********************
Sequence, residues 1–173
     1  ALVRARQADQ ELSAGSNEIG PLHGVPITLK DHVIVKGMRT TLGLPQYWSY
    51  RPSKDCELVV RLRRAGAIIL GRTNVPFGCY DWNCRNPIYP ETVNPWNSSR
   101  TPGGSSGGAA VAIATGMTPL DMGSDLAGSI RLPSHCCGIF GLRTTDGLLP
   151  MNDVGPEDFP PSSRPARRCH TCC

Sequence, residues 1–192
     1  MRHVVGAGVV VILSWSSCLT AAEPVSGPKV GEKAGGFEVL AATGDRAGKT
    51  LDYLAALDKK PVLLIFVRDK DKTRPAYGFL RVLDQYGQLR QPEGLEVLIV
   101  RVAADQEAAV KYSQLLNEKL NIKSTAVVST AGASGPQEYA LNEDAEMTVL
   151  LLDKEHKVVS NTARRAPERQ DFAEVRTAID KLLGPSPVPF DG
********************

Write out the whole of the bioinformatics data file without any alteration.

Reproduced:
Sequence, residues 1–173
     1  ALVRARQADQ ELSAGSNEIG PLHGVPITLK DHVIVKGMRT TLGLPQYWSY
    51  RPSKDCELVV RLRRAGAIIL GRTNVPFGCY DWNCRNPIYP ETVNPWNSSR
   101  TPGGSSGGAA VAIATGMTPL DMGSDLAGSI RLPSHCCGIF GLRTTDGLLP
   151  MNDVGPEDFP PSSRPARRCH TCC

Sequence, residues 1–192
     1  MRHVVGAGVV VILSWSSCLT AAEPVSGPKV GEKAGGFEVL AATGDRAGKT
    51  LDYLAALDKK PVLLIFVRDK DKTRPAYGFL RVLDQYGQLR QPEGLEVLIV
   101  RVAADQEAAV KYSQLLNEKL NIKSTAVVST AGASGPQEYA LNEDAEMTVL
   151  LLDKEHKVVS NTARRAPERQ DFAEVRTAID KLLGPSPVPF DG